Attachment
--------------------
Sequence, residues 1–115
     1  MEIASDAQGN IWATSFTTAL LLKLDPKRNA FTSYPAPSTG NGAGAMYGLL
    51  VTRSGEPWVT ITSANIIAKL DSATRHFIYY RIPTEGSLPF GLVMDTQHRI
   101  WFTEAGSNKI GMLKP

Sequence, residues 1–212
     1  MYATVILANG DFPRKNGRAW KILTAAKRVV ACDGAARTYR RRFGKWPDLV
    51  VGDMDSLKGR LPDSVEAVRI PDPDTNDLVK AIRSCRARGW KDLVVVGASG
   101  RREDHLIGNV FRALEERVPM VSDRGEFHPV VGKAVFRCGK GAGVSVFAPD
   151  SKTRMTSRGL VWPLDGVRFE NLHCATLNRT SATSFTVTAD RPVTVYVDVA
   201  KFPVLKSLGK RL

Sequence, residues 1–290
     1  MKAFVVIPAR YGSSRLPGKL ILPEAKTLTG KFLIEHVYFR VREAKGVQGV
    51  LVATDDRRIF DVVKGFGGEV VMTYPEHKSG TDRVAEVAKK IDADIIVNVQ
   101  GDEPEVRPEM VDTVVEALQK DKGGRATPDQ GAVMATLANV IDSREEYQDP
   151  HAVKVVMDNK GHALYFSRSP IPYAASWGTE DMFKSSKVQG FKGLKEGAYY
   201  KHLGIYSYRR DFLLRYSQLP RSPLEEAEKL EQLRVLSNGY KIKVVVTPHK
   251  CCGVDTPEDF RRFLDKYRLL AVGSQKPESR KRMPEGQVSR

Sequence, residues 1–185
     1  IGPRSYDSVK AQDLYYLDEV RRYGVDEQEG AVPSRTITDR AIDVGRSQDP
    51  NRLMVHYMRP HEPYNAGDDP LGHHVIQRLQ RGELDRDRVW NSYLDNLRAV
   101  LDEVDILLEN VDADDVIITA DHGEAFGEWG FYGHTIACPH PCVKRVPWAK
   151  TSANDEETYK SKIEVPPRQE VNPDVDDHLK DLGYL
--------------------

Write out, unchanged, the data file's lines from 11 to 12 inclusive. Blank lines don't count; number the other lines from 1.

Sequence, residues 1–290
     1  MKAFVVIPAR YGSSRLPGKL ILPEAKTLTG KFLIEHVYFR VREAKGVQGV